News

The World in the eyes of Arabs…and how Arabs are seen by the rest of the world is explored

Sun Nov 25,2012

Dubai, November 25, 2012 – The Arabian Nights programming segment of the Dubai International Film Festival (DIFF) offers the best picks from Arab cinema around the world, and this year’s edition looks set to offer a bumper crop of award-winning stories from Arab filmmakers from the Middle East and beyond.

Masoud Amralla Al Ali, DIFF’s Artistic Director, commented on this year’s programme: “This year’s Arabian Nights submissions have raised the bar even further; each film offers a unique perspective and an incredible amount of thought and creativity has been invested into each film. The slate is made up of a diverse group of filmmakers from around the world, each with a story related to the Arab world that evokes many questions. There is a strong demand for true-to-life Arab stories and these directors are certainly helping to bridge the gap.”

In her accomplished debut, writer-director Sally El Hosaini shuffles the deck of working-class, multi-ethnic east London in her sensitively handled coming-of-age film, My Brother the Devil. Shot on location in Hackney during the riots, the film, which won a Best Cinematography accolade at Sundance Film Festival this year and Best British Newcomer for Hosani at BFI London Film Festival will make its Middle East Premiere at DIFF.

The GCC Premiere of Valley of Tears, by Canadian Maryanne Zéhil, will explore the psychological wounds and the conflicting desires of a Palestinian family who survived the unpunished massacre of Palestinian refugees in the camps of Sabra and Shatila in Lebanon.

From prolific Belgian director Joachim Lafosse comes Our Children, which earned lead actress Emilie Dequenne a Best Actress Award at Cannes this year. Based on a chilling true story, the film, which will make its Middle East Premiere at DIFF, tells the doomed loved story of a couple who live under the stern gaze and financial aid of family.

Filmed in Dubai and making its World Premiere, Love’s Improvisations by Canadian director Youssef El Deeb illuminates the transient, unpredictable world of love and its many faces. Similarly, Shirin by Iraqi Hassan Ali, also making its World Premiere, explores the lengths to which a young couple will go to be reunited, even against social norms.

Beirut born Cynthia Choucair will present the World Premiere of Powerless, which treats the electricity problem of her home country through the very personal investigation of four different characters whose lives were drastically affected by the shortage of electricity. Attack by Lebanese director Ziad Doueiri is a personal but powerful drama focused on an innocent surgeon and his beautiful wife, caught in the turmoil and coercion of the deadly Israeli-Palestinian conflict (GCC Premiere). In another Lebanese selection, Lara Saba’s first feature film Blind Intersections tackles social issues in Lebanon through three characters with different social backgrounds, whose lives never intersect, but their destinies do (GCC Premiere).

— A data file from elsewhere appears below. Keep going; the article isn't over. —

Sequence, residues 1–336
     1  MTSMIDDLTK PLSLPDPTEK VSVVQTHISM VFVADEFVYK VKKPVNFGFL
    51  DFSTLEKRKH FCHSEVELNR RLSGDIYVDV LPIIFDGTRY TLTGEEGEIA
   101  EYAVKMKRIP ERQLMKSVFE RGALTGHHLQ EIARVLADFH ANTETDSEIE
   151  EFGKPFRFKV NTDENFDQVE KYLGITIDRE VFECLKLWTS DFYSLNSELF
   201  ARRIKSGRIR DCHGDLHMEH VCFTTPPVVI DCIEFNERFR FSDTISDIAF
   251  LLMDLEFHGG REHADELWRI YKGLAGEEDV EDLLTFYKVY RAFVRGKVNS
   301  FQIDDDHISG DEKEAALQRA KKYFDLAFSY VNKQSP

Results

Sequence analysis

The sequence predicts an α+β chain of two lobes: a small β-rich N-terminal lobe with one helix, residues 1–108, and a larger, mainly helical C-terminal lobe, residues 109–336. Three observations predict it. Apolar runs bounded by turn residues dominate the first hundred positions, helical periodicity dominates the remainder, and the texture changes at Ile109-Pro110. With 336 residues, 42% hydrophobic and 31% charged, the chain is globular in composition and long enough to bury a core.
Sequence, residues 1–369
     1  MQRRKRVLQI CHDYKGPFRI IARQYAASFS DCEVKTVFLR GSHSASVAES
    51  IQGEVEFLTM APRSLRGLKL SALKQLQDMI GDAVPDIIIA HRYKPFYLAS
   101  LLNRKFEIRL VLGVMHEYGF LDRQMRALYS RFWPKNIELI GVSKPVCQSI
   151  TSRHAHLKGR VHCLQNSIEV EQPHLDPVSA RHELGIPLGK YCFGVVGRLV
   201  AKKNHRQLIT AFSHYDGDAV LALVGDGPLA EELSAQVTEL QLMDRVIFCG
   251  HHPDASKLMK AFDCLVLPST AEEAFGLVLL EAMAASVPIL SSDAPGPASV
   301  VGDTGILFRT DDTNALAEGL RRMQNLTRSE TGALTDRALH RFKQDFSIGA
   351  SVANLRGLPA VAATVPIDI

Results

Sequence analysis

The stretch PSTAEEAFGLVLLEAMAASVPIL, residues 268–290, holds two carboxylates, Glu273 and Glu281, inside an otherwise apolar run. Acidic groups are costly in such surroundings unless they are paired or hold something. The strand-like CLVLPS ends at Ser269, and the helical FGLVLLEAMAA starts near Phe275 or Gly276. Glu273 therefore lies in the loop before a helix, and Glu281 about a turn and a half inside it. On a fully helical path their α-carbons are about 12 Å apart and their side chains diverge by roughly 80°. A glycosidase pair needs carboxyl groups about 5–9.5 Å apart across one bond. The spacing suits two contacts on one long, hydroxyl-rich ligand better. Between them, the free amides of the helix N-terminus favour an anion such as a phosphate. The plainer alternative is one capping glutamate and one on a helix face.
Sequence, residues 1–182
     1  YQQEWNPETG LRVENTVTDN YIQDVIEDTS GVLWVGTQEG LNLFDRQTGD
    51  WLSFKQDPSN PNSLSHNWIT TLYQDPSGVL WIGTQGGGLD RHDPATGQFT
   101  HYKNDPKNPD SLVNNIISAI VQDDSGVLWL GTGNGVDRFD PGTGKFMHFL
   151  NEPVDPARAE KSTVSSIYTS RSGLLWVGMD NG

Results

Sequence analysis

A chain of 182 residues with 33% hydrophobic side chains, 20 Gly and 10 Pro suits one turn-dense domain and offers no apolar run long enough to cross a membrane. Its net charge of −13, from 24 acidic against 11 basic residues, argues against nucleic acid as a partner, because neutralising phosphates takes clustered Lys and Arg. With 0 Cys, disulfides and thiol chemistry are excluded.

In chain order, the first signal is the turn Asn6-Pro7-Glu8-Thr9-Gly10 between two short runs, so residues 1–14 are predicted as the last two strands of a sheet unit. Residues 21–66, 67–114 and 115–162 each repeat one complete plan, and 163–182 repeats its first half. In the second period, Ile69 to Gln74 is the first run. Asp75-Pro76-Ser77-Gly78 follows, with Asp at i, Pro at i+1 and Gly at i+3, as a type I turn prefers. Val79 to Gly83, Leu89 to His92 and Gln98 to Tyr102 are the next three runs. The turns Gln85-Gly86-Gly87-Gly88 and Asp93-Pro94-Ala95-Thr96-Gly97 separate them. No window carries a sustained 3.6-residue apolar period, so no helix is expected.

Written and directed by Berkeley-based filmmaker John Slattery, Casablanca Mon Amour presents two bright and humorous Moroccan college students who explore a Moroccan perspective on the entwined relationship between Hollywood and The Arab World. The film will make its World Premiere at DIFF. Snackbar, the debut feature film by Dutch documentary-maker of Turkish origin, Meral Uslu recounts the days of a group of Moroccan boys in Holland, who gain strength from the pact of brotherhood which unites them (GCC Premiere).

The Middle East Premiere of Bag of Flour by Kadija Leclere supported by The Dubai Film Connection is a moving film about a 10-year-old girl that is torn away from her environment in Belgium by her father, and left in Morocco to fend for herself.


In a spirited coming-of-age tale from first-time feature director Rola Nashef, an ambitious Lebanese-American youth is forced to take over his family’s gas station after his father’s death in Detroit Unleaded (Middle East Premiere). Finally in the World Premiere of It’s About to Rain, Iraqi-Italian director Haider Rashid tackles issues of cultural and legal straddling thrust upon second generation Arab immigrants.

Antonia Carver, Programmer of Arabian Nights commented: “2012 has been an exceptional year for the evolution of Arab film, from the realization of Enjaaz-supported Blind Intersections - Lara Saba’s first feature and independent film which tackles social issues in Beirut head-on, to the remarkable filmmaker Ziad Doueiri’s Attack which is set in turbulent Tel Aviv. Arab filmmakers are pushing the boundaries of creative expression and are no longer afraid to reveal the worries, expectations and dreams of the Arab world on screen. This programme truly offers a unique and frank insight to traditional Arab life, love and politics.

“Friends of the Festival” packages are now available for the upcoming 9th edition of DIFF. Film enthusiasts can select from any of the six exclusive tiers - DIFF Platinum Partner, DIFF Gold Circle, Patron of DIFF, DIFF Supporter, DIFF Genre and DIFF 10 and 25 ticket deals. In return, patrons will receive insider access to the Festival as an acknowledgement of their support for one of the most anticipated events on the UAE’s cultural calendar. For full details on each package and ticket purchases please visit www.dubaifilmfest.com, contact DIFF.Customerservice@filmfest.ae or the call centre 363-3456.

Dubai International Film Festival is media monitored by Media Watch, the leaders in Middle East media monitoring services.

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